The ink has scarcely dried on the draft standard for a new generation of high-speed Wi-Fi and already competing companies are at each other's throats.
Friday's agreement on a draft standard for 802.11n -- the fast Wi-Fi technology designed to reach speeds of up to 300 Mbit/s -- ended a more than year-long standoff between competing specifications. Now, various players are accusing one another of dirty tricks in an effort to gain an edge in the market. One of the details at stake is a compatibility issue that could affect the way eventual products are deployed in the enterprise.
The conflict now is over how and when such issues will be resolved. Competing chipmakers, such as Airgo and Atheros, last week agreed that draft one of the standard will only need minor changes.
But the two sides seem to have very different ideas about what constitutes "minor changes." Atheros, Broadcom and Marvell are already showing silicon designed to support the upcoming standard, while Airgo -- which has three generations of proprietary fast Wi-Fi products already on the market -- is holding off until the standard has had one or two more revisions.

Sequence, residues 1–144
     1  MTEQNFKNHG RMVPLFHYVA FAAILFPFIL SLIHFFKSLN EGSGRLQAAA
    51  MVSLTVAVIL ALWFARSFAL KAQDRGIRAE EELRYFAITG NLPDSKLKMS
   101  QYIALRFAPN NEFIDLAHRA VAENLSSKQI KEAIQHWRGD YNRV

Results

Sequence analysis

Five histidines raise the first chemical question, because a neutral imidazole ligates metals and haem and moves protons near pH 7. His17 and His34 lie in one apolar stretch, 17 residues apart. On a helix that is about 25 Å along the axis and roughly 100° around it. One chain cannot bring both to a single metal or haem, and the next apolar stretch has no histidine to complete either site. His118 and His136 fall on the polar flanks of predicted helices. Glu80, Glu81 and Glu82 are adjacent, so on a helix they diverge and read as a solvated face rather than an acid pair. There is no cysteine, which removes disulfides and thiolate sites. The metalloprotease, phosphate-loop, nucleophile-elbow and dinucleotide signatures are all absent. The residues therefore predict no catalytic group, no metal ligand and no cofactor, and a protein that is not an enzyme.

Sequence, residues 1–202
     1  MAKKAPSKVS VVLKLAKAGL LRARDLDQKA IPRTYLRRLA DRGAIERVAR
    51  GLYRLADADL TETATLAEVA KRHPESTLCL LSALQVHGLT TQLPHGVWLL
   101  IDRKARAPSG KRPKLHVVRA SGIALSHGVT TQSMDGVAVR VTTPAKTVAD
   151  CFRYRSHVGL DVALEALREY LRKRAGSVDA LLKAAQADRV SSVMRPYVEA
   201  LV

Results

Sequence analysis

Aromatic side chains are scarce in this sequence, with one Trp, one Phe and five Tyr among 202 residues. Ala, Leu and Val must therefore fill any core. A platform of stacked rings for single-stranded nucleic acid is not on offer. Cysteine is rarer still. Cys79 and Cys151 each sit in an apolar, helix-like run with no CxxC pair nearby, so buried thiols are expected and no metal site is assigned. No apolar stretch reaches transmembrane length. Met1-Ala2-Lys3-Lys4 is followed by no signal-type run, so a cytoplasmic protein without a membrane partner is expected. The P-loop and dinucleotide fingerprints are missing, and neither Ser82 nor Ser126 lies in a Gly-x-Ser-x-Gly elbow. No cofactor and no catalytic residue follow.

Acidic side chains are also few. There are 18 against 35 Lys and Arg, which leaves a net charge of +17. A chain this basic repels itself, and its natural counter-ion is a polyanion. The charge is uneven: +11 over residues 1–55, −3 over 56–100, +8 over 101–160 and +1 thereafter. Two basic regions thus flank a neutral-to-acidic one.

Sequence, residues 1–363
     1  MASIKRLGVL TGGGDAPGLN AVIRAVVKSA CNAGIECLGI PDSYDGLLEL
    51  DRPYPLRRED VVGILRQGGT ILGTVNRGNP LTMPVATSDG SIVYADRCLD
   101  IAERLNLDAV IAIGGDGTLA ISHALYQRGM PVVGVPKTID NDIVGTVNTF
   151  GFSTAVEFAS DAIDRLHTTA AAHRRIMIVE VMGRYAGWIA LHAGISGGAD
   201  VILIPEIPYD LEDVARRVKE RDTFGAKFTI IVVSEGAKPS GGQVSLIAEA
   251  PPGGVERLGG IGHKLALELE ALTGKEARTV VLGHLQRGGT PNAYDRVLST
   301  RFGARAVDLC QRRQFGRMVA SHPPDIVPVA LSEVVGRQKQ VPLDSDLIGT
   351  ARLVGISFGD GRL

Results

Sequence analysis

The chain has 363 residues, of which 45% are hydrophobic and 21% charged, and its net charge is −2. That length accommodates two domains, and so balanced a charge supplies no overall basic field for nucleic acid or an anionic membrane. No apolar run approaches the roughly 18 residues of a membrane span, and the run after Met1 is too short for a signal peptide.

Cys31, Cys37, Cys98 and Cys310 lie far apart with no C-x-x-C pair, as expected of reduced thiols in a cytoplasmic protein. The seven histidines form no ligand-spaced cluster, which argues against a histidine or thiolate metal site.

Airgo chief executive Greg Raleigh said Airgo's competitors are being reckless when they claim that draft one is basically complete. "There are some irresponsible claims out there," he said. "A group of silicon vendors wanted to halt after draft one."
One of the problems that remains to be fixed relates to how 802.11n products will act when older Wi-Fi networks are operating nearby, Raleigh said. A core feature of 802.11n will be a double-wide channel mode that can increase throughput substantially, but risks degrading the performance of other networks nearby.
Airgo is claiming that this and other serious issues might not be resolved properly, in order to allow its competitors to finalize their silicon earlier. "Bluntly, Airgo is saying that its competitors would risk destroying the performance or utility of existing 802.11b/g in order to capture part of Airgo
This story, "Sparks fly following 802.11n settlement" was originally published by Techworld.com.